Tuscan bread, fresh from the oven! Ph Rick Gordon (Flickr CC)

Tuscan bread, fresh from the oven! Ph Rick Gordon (Flickr CC)

More often than not, bread is eaten during every Italian meal. In Tuscany, particularly Chianti country, the bread is sciocco, meaning “unsalted.” Therefore, it is bland in taste and has a hard, tough crust with a soft, fluffy interior. At dinner, Chianti locals serve bread slices, accompanying the primi, first courses and the secondi, second courses. It also pairs perfectly with typical salty antipasti such as meat cold cuts, cheeses and olives.

Another bread commonly eaten is schiacciata. This bread type is flattened and salted on the outside. You’ll see people eating schiacciata bread as a sandwich with tasty meats and fresh vegetables or plain as an on-the-go snack for busy professionals.


Olive oil

The complete line of Dievole extra virgin olive oil!

The complete line of Dievole extra virgin olive oil!

Olive oil is an essential cooking ingredient in Chianti country. It’s used as an ingredient in most cooking and baking recipes or eaten “raw” with bread. Olive oil in Chianti has a wonderfully rich taste which is accredited to the country’s terrain, farmers’ expertise and delicate harvesting by hand. Drizzled over bruschetta or mixed into pasta sauce, olive oil is a staple of the Chianti diet and never disappoints. To taste some of the area’s newest and most precious olive oil, visit Impruneta’s New Bread, Vino and Oil festival, occurring every year in the fall.



Strong, yet tantalizing, truffle is a popular and highly recommended Chianti taste. The white truffle flavour seasons many of Chianti country’s pastas, meats and cheeses. So what is truffle and what does it like? Truffle is a fungus found underground and is beloved by many foodies. It has a rustic flavour and is powerful and distinct, brilliantly transforming simple recipes.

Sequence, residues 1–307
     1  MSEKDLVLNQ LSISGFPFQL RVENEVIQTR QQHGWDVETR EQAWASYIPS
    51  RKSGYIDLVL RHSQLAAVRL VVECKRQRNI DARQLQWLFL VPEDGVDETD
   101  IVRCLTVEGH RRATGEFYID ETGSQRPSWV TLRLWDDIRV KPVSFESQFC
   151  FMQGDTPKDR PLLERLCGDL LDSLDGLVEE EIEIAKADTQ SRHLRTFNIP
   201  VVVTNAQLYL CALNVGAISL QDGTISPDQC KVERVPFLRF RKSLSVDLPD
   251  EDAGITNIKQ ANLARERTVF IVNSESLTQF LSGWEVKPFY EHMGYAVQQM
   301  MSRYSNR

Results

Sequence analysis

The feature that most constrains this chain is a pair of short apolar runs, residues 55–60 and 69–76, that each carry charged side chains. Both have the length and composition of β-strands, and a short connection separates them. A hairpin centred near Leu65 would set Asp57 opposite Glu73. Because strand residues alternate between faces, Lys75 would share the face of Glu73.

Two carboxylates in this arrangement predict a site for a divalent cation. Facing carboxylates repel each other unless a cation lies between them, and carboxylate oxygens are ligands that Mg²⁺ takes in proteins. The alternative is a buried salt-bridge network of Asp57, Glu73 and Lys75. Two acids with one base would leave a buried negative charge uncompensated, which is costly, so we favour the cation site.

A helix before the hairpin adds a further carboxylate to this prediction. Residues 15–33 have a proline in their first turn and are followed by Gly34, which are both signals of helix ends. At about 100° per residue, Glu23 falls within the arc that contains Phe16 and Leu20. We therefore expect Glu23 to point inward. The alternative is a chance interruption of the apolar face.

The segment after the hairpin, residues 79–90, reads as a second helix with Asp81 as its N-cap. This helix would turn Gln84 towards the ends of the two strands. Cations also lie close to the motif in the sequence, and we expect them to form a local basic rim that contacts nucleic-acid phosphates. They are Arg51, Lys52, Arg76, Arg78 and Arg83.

Cinghiale (wild boar)

You’ll find cinghiale dishes on the menu at most traditional Tuscan restaurants. Due to their overpopulation in Chianti country, locals conduct regular wild boar hunts in this region. Most often, the meat is prepared in a thick, savoury red sauce and served alone. Also, it’s made into a meat sauce and poured over tagliatelle, a type of pasta. Every summer, Montespertoli, a small town in Chianti country, hosts the Sagra del Cinghiale, Wild Boar Festival. Here you can try local dishes, many of them including this game.

Pecorino cheese

There are so many varieties of Pecorino - Ph Dan (Flickr CC)

There are so many varieties of Pecorino – Ph Dan (Flickr CC)

If there is one type of cheese that is sure to make you smile, it’s pecorino. Pecorino cheese is made from sheep’s milk, and there are four main kinds of pecorino produced in and around central Italy. Pecorino flavours vary based on ageing: older pecorino has a stronger, sharper flavour and a crumbly consistency, while younger pecorino cheeses are soft, smooth and mild in flavour. For a perfect savoury and sweet appetizer during your stay in Chianti, we recommend pairing pecorino with honey.

Bistecca alla Fiorentina (Florentine Steak)

First introduced to the area by English settlers in the early 1800s, bistecca alla fiorentina is now considered a local specialty. While in Florence, you’ll see this T-bone cut displayed in restaurants and macellerie, meat shops, alluring local customers and tourists alike. This large fillet is prepared with precision: traditionally, the cut should come from a calf, be at least three inches thick and grilled over a hot, charcoal fire. The goal is to eat a lightly salted steak with a well-done exterior and a red, juicy interior. Bistecca alla fiorentina is every meat-eater’s dream!


The epitome of Chianti Taste: red wine!

The epitome of Chianti Taste: red wine!

Arguably the most celebrated Chianti taste is the area’s century-old wine. Chianti country’s wine production attracts people from around the world for more reasons than its picture-perfect landscape. Strict laws dictate this area’s wine production to maintain excellent quality. Therefore, Chianti wine is made mostly from Sangiovese grapes causing a translucent red hue. One can taste red fruits and balsamic, just to name a couple flavours. Chianti in Greve hosts one of the most popular wine festivals of the year: Rassegna del Chianti Classico. At this event, local wine artisans showcase the country’s best. For more about Chianti wine and how to differentiate Chianti from Chianti Classico, check out this article.


These are just a few Chianti’s gastronomic treasures. We encourage you to try and explore the area’s tasty cuisine. Buon appetito!